Let’s start off with a bang, shall we? Right now, Kane’s ADP is within the nine to ten range, so many people will read this and think he has slipped enough. I don’t think it’s far enough. Patrick Kane is still an elite talent in the NHL, but hockey is one of the greatest team games out there, and right now, Kane does not have a supportive cast. Jonathan Toews is out indefinitely with an undiagnosed illness, Brandon Saad has been traded, and Kirby Dach has been sidelined with a wrist injury he sustained a few weeks ago at World Juniors. I know Kane is elite enough to support a team but let someone else take him high and hope for the best in a shortened season.
Zdeno Chara (D – WSH)
I wanted to keep near the top of the draft for each pick of a bust, but after the news of a short-lived retirement and a subsequent signing with the Washington Capitals, I can’t help but notice Chara climbing draft boards. I get the ambiance that goes with the big name, but Chara is undraftable, and his 14 total points in each of the last two years prove that. He is averaging a 13th round pick and is going before guys such as P.K. Subban, Justin Faulk, and the next person to be named, Mattias Ekholm. Stay away from Chara.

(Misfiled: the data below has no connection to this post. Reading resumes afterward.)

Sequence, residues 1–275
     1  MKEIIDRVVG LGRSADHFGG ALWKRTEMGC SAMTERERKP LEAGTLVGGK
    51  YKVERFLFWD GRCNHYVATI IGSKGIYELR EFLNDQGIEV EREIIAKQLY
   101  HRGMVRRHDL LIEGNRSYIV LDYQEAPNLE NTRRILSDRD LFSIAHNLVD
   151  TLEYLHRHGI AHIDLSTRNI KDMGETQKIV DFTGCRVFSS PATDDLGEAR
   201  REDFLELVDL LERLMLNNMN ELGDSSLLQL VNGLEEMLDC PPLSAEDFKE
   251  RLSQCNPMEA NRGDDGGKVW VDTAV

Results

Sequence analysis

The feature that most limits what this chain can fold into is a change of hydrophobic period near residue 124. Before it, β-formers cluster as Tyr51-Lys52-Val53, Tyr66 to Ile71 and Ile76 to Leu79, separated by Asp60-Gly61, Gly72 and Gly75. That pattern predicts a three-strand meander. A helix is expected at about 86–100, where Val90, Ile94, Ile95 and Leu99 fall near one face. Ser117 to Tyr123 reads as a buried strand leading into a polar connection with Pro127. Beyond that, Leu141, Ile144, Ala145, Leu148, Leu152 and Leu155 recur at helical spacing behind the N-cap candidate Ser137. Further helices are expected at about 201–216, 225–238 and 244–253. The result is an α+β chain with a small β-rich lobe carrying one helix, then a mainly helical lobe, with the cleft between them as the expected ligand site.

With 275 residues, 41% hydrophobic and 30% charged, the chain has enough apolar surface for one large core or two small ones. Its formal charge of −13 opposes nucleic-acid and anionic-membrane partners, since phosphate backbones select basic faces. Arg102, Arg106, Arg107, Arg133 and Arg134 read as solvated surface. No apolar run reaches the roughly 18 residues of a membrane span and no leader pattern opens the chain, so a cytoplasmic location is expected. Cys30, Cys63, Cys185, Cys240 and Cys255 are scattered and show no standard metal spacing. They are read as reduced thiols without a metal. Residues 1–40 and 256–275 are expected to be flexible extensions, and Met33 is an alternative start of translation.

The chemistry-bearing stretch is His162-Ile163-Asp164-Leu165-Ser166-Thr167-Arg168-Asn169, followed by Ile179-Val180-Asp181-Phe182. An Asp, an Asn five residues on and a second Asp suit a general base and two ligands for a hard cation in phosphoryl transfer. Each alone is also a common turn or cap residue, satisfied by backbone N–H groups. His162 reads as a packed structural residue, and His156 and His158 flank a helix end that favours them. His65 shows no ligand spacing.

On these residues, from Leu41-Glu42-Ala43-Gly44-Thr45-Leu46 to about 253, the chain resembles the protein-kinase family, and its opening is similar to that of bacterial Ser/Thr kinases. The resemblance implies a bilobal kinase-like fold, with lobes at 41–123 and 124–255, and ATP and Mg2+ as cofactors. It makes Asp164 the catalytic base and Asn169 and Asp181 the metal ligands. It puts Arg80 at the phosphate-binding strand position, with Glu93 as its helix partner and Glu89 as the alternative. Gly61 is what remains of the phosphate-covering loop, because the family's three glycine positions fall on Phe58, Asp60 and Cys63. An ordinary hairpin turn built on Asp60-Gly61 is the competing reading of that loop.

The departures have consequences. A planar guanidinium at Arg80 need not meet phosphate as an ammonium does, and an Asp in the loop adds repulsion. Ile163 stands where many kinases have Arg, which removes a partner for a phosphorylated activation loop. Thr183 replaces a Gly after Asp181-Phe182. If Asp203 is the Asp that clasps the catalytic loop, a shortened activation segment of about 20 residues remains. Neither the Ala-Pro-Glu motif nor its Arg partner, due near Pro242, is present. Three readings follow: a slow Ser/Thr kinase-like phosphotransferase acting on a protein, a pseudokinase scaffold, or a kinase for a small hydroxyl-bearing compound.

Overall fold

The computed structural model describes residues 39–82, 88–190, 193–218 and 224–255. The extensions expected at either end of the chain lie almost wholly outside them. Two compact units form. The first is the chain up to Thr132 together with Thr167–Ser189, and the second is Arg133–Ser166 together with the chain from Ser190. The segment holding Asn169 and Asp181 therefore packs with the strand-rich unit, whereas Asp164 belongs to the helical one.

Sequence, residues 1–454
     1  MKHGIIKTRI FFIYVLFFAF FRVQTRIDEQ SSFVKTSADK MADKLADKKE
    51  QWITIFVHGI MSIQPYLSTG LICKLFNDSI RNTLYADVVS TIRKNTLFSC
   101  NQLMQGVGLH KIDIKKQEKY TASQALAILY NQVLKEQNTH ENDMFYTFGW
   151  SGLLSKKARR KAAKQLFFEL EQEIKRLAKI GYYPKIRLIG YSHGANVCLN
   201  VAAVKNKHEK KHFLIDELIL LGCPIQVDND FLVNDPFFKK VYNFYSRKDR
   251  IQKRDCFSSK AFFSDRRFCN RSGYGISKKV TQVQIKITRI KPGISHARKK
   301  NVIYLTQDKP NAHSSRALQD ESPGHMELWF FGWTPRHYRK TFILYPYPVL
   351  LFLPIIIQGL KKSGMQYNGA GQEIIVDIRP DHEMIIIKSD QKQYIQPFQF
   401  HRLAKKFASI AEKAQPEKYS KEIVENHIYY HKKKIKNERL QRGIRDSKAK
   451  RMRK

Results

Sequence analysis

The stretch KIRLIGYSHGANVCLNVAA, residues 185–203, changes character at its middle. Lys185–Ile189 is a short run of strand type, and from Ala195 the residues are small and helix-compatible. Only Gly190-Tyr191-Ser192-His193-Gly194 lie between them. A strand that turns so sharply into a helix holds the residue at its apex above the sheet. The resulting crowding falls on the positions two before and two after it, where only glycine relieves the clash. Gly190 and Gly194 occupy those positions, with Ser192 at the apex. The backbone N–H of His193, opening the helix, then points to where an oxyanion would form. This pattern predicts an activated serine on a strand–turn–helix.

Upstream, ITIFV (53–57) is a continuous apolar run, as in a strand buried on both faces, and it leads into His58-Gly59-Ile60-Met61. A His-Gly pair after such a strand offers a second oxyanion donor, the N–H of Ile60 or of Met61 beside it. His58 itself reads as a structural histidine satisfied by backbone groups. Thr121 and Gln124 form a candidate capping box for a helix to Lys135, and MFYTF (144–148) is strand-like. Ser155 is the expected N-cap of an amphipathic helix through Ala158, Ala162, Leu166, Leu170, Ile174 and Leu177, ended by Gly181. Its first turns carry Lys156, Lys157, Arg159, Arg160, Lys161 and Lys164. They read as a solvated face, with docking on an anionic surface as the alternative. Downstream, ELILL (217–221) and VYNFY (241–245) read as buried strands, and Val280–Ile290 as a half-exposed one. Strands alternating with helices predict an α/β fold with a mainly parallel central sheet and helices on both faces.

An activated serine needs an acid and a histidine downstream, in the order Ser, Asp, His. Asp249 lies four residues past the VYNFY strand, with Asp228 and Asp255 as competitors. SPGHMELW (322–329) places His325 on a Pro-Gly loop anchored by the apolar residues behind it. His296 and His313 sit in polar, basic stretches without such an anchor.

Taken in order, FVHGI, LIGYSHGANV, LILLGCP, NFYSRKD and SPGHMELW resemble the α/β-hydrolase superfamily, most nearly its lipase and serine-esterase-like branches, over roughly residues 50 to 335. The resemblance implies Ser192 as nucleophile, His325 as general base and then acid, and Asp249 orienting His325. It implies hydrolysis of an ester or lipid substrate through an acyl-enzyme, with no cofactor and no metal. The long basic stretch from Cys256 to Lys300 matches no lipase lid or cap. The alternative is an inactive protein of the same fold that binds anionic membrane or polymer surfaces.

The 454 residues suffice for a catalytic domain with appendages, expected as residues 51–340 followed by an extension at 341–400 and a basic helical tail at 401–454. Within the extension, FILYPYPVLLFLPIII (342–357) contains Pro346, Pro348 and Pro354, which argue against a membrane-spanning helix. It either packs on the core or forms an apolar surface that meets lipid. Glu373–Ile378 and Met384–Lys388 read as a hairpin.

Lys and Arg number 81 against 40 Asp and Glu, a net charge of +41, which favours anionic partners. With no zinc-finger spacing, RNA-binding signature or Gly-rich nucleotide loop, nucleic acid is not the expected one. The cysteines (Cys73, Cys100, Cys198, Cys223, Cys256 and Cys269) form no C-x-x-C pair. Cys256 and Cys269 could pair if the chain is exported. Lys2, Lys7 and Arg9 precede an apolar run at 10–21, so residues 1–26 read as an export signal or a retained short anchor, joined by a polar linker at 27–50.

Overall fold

Mika Zibanejad (C – NYR)
I don’t get it. Centers are plentiful in fantasy hockey. If I asked ten fantasy hockey players what position comes up light every year, nine out of 10 would say right wing followed by left wing. The lone wolf would say goalie, but we don’t listen to him. So why are we drafting centers so high? Mika is only 27, and yes, he has had amazing point production over the last two years. I can not deny that. With word of him limping into the season and most likely missing all of camp, it will surely take time for him to get his legs under him. In what is already a shortened season, he will not get off to the crazy start he has in past years. We need to search for the player that will do just that, and he is not it nor worth the top second-round draft spot.
Comeback Player of the Year Sleeper
Lastly, I wanted to give you my comeback player of the year sleeper. We all know I love goalies in fantasy hockey, so who else would it be but Sergei Bobrovsky. There is no excuse for what Florida put on the ice last year. Maybe it was getting used to the new coaching staff. The Panthers have more than enough talent, and with that great coaching staff look forward to coach Q to reign it in this year and get the Florida players up to speed with a fast-paced, hard-hitting game. With that, Bobrovsky will benefit and be valued way above his average 127th draft position and the 24th goalie off the board.
As always, have fun hockey friends.
Mat Vilcek is a correspondent at FantasyPros. For more from Mat, check out his archive and follow him @Mat1Thockey.